As for the pion part of our interaction, we approximate the full pion Bethe-Salpeter wave function (II.1) in the quark-SDE (5) and the kernel of the BSE (8) by the leading amplitude in the chiral limit given by Maris:1997hd ()
Here is the scalar dressing function of the quark propagator in the chiral limit. This approximation omits the back-coupling effects of the three sub-leading amplitudes. From the calculation of ref. Fischer:2007ze (), where full back-coupling has been evaluated in a real value approximation, we expect this omission to lead to an error of only a few percent as concerns meson masses and of about 10-20% as concerns decay constants. Considering the exploratory character of our work this seems certainly tolerable. The replacement of the leading physical pion amplitude at MeV by the (normalised) chiral limit value is also correct on the few percent level as demonstrated in the appendix. Note that we use this approximation only for the internal pion which mediates the interaction. The great advantage of the approximation (14) compared to the full back-coupling performed in Ref. Fischer:2007ze () is that we can then fully take into account the quark propagator in the complex plane as necessary input into the Bethe-Salpeter equation.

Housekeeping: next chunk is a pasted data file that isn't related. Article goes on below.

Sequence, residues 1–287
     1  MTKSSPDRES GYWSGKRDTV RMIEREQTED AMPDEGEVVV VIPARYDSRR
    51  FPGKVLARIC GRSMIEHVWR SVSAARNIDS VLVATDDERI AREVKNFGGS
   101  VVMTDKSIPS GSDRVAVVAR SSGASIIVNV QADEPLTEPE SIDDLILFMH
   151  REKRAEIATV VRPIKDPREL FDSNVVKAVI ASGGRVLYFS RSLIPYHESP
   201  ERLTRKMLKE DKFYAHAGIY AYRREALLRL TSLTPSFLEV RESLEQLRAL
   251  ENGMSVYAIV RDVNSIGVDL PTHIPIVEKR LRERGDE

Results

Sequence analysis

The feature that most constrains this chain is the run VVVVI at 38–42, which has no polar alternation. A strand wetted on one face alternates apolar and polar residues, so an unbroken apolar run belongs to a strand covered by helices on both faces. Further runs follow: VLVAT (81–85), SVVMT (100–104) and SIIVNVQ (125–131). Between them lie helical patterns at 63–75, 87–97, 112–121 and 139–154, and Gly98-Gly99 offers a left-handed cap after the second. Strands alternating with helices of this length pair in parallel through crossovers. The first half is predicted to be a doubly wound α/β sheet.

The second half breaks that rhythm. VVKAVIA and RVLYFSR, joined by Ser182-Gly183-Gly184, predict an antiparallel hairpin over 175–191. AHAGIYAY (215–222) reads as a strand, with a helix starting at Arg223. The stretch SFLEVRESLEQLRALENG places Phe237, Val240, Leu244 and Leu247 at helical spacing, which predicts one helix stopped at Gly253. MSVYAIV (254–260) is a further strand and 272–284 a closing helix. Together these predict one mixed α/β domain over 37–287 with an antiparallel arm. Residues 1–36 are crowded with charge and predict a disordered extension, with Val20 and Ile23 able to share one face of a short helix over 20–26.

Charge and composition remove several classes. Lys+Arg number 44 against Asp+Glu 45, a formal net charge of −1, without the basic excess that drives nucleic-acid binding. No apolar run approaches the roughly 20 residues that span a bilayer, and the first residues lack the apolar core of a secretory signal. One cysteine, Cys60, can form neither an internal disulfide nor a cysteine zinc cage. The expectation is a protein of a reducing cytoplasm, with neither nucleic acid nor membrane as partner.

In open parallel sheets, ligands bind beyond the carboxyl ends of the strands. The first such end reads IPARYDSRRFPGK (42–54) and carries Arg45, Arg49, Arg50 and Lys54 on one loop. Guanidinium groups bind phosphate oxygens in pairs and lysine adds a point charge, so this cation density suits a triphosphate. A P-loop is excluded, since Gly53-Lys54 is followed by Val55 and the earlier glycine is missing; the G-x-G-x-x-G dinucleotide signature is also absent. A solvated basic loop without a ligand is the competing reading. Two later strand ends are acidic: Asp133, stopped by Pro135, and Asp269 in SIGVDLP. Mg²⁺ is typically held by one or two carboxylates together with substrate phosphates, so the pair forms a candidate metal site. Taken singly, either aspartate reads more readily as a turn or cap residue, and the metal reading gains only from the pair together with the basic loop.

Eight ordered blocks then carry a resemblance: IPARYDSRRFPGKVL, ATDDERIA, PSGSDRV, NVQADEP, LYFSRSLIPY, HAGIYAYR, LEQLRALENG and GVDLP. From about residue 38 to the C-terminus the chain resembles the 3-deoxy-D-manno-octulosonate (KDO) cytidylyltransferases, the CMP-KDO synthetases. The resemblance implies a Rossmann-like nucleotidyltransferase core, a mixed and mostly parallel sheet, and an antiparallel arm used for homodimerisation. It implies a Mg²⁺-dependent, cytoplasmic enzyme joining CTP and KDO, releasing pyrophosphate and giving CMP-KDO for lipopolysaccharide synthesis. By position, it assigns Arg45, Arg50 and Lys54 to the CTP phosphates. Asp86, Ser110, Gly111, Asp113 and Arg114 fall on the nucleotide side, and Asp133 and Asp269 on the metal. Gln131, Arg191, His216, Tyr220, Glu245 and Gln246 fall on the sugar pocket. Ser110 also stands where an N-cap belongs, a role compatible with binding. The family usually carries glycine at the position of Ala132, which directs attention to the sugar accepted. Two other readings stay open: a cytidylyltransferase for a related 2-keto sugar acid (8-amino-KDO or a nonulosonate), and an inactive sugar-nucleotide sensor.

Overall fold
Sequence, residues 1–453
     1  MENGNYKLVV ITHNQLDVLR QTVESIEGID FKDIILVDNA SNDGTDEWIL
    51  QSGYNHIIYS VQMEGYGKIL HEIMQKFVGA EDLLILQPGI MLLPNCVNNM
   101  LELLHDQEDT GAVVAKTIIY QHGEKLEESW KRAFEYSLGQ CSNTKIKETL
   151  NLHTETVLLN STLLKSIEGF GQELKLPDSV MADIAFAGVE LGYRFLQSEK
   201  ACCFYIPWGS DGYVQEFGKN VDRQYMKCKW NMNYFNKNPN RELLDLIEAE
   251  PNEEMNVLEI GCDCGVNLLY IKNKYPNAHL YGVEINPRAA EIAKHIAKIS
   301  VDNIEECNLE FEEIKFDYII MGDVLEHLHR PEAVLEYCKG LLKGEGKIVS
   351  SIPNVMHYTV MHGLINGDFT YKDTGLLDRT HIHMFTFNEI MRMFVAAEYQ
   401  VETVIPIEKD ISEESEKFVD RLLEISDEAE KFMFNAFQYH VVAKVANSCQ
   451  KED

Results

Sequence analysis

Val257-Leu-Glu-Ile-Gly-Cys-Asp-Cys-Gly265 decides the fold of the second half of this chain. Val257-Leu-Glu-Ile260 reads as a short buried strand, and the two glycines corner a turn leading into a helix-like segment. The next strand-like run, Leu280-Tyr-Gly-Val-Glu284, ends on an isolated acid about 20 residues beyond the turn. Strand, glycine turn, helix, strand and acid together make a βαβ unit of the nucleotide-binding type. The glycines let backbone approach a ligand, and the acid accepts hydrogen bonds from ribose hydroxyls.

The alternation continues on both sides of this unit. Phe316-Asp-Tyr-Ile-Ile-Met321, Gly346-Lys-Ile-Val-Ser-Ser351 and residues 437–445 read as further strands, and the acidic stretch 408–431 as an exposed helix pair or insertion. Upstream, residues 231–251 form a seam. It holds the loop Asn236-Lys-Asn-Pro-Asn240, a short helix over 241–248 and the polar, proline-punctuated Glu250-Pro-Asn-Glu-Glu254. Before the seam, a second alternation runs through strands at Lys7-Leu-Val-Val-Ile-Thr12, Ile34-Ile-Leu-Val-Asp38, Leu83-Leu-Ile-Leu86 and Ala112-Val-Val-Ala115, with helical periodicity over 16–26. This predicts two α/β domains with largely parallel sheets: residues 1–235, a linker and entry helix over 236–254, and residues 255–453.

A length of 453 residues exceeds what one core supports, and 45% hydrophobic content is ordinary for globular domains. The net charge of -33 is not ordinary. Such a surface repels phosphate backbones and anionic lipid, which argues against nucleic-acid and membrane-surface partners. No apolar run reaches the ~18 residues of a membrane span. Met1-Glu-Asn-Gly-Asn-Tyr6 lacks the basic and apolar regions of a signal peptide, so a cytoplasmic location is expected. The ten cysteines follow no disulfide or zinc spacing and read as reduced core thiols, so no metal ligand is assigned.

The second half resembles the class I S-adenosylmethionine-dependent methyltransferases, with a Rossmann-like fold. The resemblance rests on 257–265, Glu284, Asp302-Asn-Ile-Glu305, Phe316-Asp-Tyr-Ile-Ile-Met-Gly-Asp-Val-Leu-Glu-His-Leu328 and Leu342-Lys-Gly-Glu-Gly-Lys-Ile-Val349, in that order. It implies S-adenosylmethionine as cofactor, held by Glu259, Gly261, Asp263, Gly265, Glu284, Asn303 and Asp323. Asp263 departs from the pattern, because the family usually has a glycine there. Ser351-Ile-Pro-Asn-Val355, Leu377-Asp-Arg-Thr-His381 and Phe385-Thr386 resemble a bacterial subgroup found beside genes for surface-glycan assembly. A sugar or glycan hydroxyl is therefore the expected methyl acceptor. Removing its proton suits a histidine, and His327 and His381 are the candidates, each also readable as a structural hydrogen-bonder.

ii.3 Decay constants and normalisation
The Bethe-Salpeter amplitudes for the pseudoscalar mesons can be used to obtain the corresponding weak decay constants , which will prove useful in fitting parameters to observables. In order to calculate these one must firstly normalise the amplitudes. The normalisation condition is derived by demanding that the residue of the pole in the four-point quark-antiquark Green’s function (from which the BSE is derived) be unity Tandy:1997qf (); Nakanishi:1969ph (). Using conventions such that MeV, and for momenta partitioned equally between the two constituents, it reads
where is fixed to the on-shell meson mass, the trace is over Dirac matrices and the Bethe-Salpeter wave-function is defined by
The conjugate vertex function is given by
with the charge conjugation matrix . The leptonic decay constant characterising the pion coupling to the point axial field is subsequently given by Tandy:1997qf ()